Yesterday was an extremely productive day. I'm working on a project with a colleague and recent graduate (the first Ph.D. student to graduate from our school's new program). We're taking a few of the results from New Ph.D.'s dissertation and recasting them into a paper which will end up in a book of readings.
My colleague, New Ph.D. and I got together yesterday. The colleague had previously put together a rough draft of about 20 pages that contained a very nice game-theoretic model, but without any of the empirical results from the Ph.D.'s dissertation.
So, we met yesterday to rework the first draft. I'm convinced that rewriting goes better in a social setting. We were able to bounce multiple possible phrasings back and forth off each other, and rewrote over 14 pages in a 7-hour stretch. In addition, we had an awful lot of fun. Once we found out that New Ph.D.'s middle name was "Laverne," colleague decided to go by "Shirley" for the rest of the day. Somehow, I ended up as "Lenny" (I tried for Carmine, but it could have been worse).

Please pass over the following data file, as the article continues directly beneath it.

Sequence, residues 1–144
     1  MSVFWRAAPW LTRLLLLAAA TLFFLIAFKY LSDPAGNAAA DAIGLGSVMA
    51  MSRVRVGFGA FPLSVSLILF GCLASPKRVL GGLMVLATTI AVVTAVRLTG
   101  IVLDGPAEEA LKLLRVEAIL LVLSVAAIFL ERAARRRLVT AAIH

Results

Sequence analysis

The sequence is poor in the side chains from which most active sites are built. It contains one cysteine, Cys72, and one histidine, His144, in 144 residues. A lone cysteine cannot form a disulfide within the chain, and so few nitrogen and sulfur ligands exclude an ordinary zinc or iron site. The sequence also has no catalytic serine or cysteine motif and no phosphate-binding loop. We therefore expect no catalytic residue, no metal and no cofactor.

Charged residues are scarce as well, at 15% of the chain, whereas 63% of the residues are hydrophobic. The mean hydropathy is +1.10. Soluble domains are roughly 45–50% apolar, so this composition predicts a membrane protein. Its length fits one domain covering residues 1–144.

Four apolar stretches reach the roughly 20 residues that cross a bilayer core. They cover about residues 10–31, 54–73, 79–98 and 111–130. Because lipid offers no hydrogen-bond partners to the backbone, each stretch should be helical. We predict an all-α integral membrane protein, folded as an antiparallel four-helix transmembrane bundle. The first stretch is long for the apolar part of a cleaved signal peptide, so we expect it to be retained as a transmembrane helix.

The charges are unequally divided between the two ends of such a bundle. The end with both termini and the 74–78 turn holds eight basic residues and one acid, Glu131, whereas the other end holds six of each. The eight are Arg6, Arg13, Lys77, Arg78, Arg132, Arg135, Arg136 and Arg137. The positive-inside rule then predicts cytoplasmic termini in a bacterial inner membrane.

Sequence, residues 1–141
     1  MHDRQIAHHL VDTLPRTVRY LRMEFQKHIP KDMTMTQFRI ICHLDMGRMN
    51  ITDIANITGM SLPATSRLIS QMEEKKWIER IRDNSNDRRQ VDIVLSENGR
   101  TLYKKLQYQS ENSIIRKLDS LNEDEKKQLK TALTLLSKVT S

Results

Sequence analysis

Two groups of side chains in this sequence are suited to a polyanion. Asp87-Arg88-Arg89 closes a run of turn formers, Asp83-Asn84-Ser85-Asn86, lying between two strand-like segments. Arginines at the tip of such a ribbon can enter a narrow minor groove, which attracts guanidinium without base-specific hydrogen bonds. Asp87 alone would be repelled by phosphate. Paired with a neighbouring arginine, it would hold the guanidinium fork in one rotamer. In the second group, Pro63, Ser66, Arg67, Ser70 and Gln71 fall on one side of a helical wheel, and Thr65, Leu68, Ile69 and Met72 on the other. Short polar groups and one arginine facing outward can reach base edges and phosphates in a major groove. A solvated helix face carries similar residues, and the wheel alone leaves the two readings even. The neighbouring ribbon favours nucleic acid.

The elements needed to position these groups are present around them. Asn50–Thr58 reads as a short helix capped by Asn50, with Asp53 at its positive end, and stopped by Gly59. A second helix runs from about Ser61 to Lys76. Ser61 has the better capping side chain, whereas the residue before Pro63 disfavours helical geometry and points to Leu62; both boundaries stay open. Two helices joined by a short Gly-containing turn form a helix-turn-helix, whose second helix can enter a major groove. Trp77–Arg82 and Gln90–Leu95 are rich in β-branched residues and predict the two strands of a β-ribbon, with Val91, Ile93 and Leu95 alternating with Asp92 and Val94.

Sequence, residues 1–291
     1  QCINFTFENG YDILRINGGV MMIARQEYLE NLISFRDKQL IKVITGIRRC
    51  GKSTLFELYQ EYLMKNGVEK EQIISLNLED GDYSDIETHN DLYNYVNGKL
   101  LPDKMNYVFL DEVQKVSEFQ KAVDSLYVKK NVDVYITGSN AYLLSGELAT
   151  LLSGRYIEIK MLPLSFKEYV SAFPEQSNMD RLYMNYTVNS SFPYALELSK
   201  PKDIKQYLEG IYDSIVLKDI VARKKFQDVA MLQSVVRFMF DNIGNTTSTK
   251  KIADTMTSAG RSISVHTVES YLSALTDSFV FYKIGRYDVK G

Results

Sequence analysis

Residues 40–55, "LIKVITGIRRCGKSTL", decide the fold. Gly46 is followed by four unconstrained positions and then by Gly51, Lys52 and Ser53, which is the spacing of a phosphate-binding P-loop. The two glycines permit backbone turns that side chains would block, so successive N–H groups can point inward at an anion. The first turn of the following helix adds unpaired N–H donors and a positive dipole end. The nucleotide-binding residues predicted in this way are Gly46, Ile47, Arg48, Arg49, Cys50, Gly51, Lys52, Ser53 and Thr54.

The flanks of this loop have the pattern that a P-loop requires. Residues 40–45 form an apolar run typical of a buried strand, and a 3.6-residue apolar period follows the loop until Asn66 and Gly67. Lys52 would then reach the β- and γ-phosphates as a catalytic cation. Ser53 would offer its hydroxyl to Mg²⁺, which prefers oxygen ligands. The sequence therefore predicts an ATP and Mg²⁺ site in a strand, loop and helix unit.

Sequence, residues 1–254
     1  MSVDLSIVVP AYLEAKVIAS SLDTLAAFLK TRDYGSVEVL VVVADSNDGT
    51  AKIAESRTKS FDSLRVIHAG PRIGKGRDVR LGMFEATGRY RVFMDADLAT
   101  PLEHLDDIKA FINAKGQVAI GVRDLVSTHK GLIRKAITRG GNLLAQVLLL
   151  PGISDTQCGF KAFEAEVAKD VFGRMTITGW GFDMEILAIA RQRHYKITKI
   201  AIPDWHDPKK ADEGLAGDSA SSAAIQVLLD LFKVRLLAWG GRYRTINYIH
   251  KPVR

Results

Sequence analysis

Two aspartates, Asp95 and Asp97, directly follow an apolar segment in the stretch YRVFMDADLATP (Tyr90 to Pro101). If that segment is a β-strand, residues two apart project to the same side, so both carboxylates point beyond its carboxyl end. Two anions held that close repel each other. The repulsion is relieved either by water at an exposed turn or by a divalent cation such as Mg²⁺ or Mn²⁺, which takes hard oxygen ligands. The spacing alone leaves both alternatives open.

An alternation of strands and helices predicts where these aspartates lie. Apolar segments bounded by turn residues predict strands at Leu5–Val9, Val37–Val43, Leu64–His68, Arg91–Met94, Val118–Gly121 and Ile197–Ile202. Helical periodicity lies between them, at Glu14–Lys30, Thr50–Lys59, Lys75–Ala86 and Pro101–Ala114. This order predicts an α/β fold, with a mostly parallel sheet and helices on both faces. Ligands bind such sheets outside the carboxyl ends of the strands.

We also sketched out the work necessary to finish the project, which New Ph.D. and I will try to crank out today.
Looking back, I realize that the papers that I'm most satisfied with (in terms of the quality of the writing/storytelling part) were done in a "social" setting, where one or more of my coauthors and I got together and wrote or edited the paper line by line. There's something about working side by side with coauthors which makes for a much better product (and a lot more fun).